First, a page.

P&W-funded Jamaal May is a poet from Detroit, MI, where he taught poetry in public schools and worked as a freelance audio engineer and touring performer. His poetry won the 2013 Indiana Review Prize and appears in journals such as Poetry, Ploughshares, and The Believer. Jamaal has earned an MFA from Warren Wilson and fellowships from Cave Canem and Bucknell University. His first book is Hum (Alice James Books, 2013), and he is founder of the Organic Weapon Arts Chapbook Press.

More than half of my small income is generated by visiting schools, libraries, bars, backyard birthday parties, etc. Some of these have been soul-sucking experiences I would’ve passed on if rent didn’t depend on it. This fall, my income is entirely dependent on paid readings, which makes it tempting to say yes to everything. Here are some things we should all consider before saying yes.

Last Minute

A last minute request for a first time or onetime event is usually a bad sign. This is especially true if the event isn’t poetry related: “I just realized today that I need a poet for my company’s end of the quarter rainmaker soiree. We don’t offer an honorarium, but you can sell books.”

Last minute does not necessarily translate to poorly organized. Consider whether the organizer had another reader cancel or had to take over for someone else. Even the most well-run events are powerless to a poet catching the plague.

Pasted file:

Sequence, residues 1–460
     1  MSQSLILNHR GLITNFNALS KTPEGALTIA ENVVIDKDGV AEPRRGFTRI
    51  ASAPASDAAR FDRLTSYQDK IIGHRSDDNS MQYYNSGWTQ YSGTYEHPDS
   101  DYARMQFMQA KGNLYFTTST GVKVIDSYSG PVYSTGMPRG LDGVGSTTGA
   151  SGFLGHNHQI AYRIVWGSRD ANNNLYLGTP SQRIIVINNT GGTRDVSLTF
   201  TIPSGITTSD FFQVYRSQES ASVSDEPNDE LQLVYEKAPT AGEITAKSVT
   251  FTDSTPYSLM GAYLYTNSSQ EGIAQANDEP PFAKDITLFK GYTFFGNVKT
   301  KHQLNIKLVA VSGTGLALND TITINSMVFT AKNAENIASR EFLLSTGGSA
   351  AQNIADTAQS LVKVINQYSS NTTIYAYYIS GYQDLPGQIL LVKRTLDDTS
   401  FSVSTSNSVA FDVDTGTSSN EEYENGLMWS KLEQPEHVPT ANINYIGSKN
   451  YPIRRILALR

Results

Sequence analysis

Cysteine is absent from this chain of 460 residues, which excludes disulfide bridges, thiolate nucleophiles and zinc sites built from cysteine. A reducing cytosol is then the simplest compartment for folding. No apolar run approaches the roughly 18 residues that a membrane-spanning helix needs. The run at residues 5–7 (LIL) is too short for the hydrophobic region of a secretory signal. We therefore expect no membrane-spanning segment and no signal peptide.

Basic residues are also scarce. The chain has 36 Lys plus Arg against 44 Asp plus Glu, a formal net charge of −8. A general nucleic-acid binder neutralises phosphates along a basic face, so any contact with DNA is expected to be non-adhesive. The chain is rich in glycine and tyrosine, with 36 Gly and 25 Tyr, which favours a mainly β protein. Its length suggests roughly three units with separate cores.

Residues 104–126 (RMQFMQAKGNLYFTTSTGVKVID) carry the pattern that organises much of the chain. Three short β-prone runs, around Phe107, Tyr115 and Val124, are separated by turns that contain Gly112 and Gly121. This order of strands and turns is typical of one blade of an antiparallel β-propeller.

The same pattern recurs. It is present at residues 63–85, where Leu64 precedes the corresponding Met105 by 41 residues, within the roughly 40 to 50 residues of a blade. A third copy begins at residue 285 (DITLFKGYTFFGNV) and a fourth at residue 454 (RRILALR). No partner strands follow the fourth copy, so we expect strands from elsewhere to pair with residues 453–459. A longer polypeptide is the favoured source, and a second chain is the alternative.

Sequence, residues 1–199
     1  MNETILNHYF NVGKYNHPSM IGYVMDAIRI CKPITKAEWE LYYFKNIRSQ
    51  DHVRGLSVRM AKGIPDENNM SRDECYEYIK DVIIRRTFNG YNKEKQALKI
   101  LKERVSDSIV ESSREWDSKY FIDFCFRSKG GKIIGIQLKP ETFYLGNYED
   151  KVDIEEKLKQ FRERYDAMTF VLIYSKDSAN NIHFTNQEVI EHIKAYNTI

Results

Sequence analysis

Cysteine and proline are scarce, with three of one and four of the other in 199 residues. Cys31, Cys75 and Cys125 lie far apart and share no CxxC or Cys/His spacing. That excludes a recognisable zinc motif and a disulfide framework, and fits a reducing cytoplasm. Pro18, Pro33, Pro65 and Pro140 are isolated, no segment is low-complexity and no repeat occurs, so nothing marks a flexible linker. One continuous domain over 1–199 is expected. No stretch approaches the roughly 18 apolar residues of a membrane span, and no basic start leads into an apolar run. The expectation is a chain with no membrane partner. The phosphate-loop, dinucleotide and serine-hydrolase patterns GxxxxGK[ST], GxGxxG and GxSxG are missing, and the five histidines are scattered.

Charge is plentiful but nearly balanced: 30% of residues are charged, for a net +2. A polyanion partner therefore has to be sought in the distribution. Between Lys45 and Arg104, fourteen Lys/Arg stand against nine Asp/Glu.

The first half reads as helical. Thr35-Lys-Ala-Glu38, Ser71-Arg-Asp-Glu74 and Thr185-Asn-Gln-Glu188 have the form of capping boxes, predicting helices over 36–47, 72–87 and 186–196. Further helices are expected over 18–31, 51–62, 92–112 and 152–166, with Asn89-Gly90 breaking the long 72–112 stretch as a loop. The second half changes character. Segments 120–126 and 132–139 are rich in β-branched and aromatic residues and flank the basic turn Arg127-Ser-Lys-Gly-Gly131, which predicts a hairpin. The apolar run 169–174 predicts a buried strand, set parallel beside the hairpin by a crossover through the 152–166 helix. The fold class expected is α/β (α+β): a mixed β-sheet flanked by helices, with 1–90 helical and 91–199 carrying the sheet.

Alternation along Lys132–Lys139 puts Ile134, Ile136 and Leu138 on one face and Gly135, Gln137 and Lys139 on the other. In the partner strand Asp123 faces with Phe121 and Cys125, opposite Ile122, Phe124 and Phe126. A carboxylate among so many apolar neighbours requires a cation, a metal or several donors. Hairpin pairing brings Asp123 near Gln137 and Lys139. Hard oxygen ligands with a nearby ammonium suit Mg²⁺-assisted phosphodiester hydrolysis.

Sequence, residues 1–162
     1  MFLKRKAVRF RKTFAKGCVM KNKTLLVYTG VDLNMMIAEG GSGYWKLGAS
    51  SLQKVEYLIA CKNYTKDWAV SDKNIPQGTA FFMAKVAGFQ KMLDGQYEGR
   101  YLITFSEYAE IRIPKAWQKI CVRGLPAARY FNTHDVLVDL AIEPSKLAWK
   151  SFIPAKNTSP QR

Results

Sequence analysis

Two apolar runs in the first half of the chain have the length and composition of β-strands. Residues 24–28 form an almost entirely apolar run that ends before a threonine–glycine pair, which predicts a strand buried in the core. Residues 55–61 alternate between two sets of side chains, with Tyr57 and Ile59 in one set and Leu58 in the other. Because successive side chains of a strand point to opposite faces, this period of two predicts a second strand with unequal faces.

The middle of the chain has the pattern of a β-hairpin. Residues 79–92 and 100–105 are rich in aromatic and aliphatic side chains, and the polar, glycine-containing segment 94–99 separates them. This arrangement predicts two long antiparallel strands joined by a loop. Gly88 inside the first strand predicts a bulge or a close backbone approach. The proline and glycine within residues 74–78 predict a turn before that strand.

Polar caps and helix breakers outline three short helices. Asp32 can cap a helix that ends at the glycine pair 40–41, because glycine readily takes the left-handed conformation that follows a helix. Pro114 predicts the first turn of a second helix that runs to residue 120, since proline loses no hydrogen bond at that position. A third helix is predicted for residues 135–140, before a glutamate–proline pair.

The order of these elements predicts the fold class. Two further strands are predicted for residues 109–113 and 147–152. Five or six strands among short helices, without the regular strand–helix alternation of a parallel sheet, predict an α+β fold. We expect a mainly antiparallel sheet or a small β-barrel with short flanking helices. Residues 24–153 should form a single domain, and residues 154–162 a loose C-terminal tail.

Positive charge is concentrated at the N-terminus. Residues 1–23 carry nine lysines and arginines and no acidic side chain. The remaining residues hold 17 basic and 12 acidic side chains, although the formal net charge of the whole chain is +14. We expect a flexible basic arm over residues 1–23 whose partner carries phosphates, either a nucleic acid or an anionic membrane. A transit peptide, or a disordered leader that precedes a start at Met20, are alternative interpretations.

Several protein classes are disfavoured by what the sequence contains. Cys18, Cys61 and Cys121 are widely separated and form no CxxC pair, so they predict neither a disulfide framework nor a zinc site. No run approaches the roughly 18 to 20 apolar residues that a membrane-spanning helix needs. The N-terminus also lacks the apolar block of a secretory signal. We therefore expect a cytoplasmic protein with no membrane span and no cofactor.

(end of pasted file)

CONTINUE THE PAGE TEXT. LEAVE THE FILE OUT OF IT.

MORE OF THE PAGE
Free Gigs That Rock

Some of the best reading experiences I’ve had were for organizations that either couldn’t pay me or barely could. These readings are usually easy to spot. Organizers will be upfront about what they can or can’t pay, they’ll be enthusiastic about your work, and you’ll get a generally good feeling from the person contacting you.

Free gigs that absolutely do not rock will usually feel like they’re doing you a favor. “There’s a microphone here. You’re welcome.”

What Is Your Fee?

This question used to fill me with panic. How much are my poems worth? Too high and I might price myself out of the gig. Too low and I might not be able to replace my broken glasses. What I do now is lean on candor. I tell the organizer the upper range of what I typically get for similar events, admit that I have a sliding scale, and ask them not to lowball me. It’s rare for a decent person to read “don’t screw me please” and still try to screw you.

Bizarre Events and Locations

Someone thinks, “I like poetry. I like corn dogs. We should do poetry at the state fair next to the corndog tent!” It keeps happening, though poetry is an intimate experience that requires attention. A situation where people will accidentally stumble across your poem on their way to the tilt-a-whirl is not ideal.